Chelsea Barnes has had a tendency to be a slow-starter, according to her coach, Mike James.
That was all right Wednesday night, though, because Barnes sure finished well.
Barnes scored 17 of her game-high 22 points in the second half to lead Diamond Ranch High of Pomona to a 40-36 win at Arroyo Grande in the quarterfinals of the CIF-Southern Section Division 3AA girls basketball playoffs.
“She starts slow every game; it drives us crazy, but we’ve learned to deal with it,” James said with a smile. “Once she gets warmed up, she gets going. She’s the second-leading scorer in Division 3AA, so you know at some point she’s going to get it going.”
A 5-foot-10 junior forward, Barnes came into the game averaging 19.2 points, and is being recruited by programs such as Loyola Marymount, St. Mary’s and UC Irvine.
The Eagles (21-6) led 26-17 at halftime, and 30-19 with under three minutes remaining in the third quarter. That’s when Barnes began to trigger the Panthers’ rally.
She beat the buzzer at the end of the third with a putback of an offensive rebound to cut the lead to 32-28. Then, with nearly six minutes left in the fourth, she went coast-to-coast up the floor for a layup, plus the foul, sinking the free throw to bring Diamond Ranch within 33-31.
The play sent a sizable contingent of Diamond Ranch followers into a frenzy.
“Oh, it was huge,” James said. “That kind of changed the momentum of the game and got us going a little bit, got our kids fired up and our fans fired up. This is a tough place to play.”
A mid-range jumper by Barnes soon afterward trimmed the Arroyo Grande advantage to 34-33, and then Barnes — who else? — converted on a spin move into the lane to give the Panthers a 35-34 lead with about two-and-a-half minutes to go.
A driving layup by Madi Ventura put Arroyo Grande back up 36-35 coming out of a timeout, but Erika Williams — Diamond Ranch’s second-leading scorer — hit a pair of free throws to reverse the one-point lead. Barnes then hit three of four free throws in the final minute to put the game on ice.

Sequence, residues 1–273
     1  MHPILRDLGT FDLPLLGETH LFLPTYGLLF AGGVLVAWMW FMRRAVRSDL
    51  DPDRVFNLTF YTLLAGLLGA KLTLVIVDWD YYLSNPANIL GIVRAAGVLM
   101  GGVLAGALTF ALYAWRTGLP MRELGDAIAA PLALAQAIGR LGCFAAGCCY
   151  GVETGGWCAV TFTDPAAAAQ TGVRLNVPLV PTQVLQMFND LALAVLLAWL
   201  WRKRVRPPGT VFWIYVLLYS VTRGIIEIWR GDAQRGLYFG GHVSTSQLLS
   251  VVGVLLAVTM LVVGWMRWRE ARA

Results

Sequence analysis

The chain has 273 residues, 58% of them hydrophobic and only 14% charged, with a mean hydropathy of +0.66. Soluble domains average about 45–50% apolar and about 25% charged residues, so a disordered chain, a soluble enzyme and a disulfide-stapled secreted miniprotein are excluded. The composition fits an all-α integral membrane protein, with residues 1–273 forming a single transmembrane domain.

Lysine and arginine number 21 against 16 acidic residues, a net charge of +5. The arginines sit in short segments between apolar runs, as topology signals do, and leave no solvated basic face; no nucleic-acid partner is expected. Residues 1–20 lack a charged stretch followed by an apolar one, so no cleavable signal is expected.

Diamond Ranch advanced to face either second-seeded Junipero Serra of Gardena or seventh-seeded Muir of Pasadena in Saturday night’s semifinals.
For Arroyo Grande, Maddie Carr and Emma Weinreich each scored a team-best eight points, and Lindsey Wolf and Ventura both finished with six.
“They’re a good team,” James said. “They’ve been here before, and those kids are going to be here again. They played their hearts out just like we did.”
The Eagles went 3 of 11 from the free-throw line, compared to Diamond Ranch’s 18 of 29.
“They gave a great effort,” Eagles coach Dwight MacDonald said of his team. “We just missed shots that, a lot of times, we make.”
Arroyo Grande, which came into the season having won the past three PAC 7 championships, went 9-3 to finish second in the league, behind only newcomer St. Joseph, the division’s top seed and a squad that has recently been in the others category in the top-20 statewide rankings of Cal-Hi Sports.
For much of the Eagles’ run through league play, Carr, Haley MacDonald, Weinreich and Wolf had a variety of injuries, ranging from a dislocated wrist bone to a turf toe, but all of them fought through it on the court.
“I’ve got four girls injured right now, and no one knows it because they’re tough,” an emotional coach MacDonald said while praising his players. “All four girls are playing with a lot of pain.”
The Eagles got to the quarterfinals by ousting Century of Santa Ana 55-35 in the opening round and then going on the road to eliminate Peninsula of Palos Verdes 44-40.
“The girls gave a great effort,” MacDonald said. “We lost to a very good team, and it was a pleasure coaching these guys. They’re a great group.”